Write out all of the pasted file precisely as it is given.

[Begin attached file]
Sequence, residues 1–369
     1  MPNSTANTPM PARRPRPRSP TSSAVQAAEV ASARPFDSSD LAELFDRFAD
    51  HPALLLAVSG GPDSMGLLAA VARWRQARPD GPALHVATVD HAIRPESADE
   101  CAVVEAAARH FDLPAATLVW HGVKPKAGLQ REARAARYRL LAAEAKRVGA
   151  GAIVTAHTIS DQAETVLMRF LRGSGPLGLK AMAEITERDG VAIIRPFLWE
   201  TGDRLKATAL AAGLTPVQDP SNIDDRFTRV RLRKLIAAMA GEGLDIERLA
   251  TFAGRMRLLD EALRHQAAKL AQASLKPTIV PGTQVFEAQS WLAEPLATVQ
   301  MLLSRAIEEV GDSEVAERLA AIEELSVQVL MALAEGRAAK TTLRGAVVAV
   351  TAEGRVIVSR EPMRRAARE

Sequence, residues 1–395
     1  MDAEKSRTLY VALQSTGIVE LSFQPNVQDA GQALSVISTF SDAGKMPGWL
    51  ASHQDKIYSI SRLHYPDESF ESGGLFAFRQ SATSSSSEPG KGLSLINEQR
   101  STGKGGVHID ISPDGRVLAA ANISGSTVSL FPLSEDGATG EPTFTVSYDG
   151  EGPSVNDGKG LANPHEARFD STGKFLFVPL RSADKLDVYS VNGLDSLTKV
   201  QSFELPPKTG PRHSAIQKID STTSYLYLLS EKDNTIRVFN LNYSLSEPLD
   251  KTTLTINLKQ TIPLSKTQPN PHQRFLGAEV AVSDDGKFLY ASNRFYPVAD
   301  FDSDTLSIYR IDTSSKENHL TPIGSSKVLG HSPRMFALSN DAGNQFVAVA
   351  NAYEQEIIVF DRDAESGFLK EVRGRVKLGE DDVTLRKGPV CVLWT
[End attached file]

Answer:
Sequence, residues 1–369
     1  MPNSTANTPM PARRPRPRSP TSSAVQAAEV ASARPFDSSD LAELFDRFAD
    51  HPALLLAVSG GPDSMGLLAA VARWRQARPD GPALHVATVD HAIRPESADE
   101  CAVVEAAARH FDLPAATLVW HGVKPKAGLQ REARAARYRL LAAEAKRVGA
   151  GAIVTAHTIS DQAETVLMRF LRGSGPLGLK AMAEITERDG VAIIRPFLWE
   201  TGDRLKATAL AAGLTPVQDP SNIDDRFTRV RLRKLIAAMA GEGLDIERLA
   251  TFAGRMRLLD EALRHQAAKL AQASLKPTIV PGTQVFEAQS WLAEPLATVQ
   301  MLLSRAIEEV GDSEVAERLA AIEELSVQVL MALAEGRAAK TTLRGAVVAV
   351  TAEGRVIVSR EPMRRAARE

Sequence, residues 1–395
     1  MDAEKSRTLY VALQSTGIVE LSFQPNVQDA GQALSVISTF SDAGKMPGWL
    51  ASHQDKIYSI SRLHYPDESF ESGGLFAFRQ SATSSSSEPG KGLSLINEQR
   101  STGKGGVHID ISPDGRVLAA ANISGSTVSL FPLSEDGATG EPTFTVSYDG
   151  EGPSVNDGKG LANPHEARFD STGKFLFVPL RSADKLDVYS VNGLDSLTKV
   201  QSFELPPKTG PRHSAIQKID STTSYLYLLS EKDNTIRVFN LNYSLSEPLD
   251  KTTLTINLKQ TIPLSKTQPN PHQRFLGAEV AVSDDGKFLY ASNRFYPVAD
   301  FDSDTLSIYR IDTSSKENHL TPIGSSKVLG HSPRMFALSN DAGNQFVAVA
   351  NAYEQEIIVF DRDAESGFLK EVRGRVKLGE DDVTLRKGPV CVLWT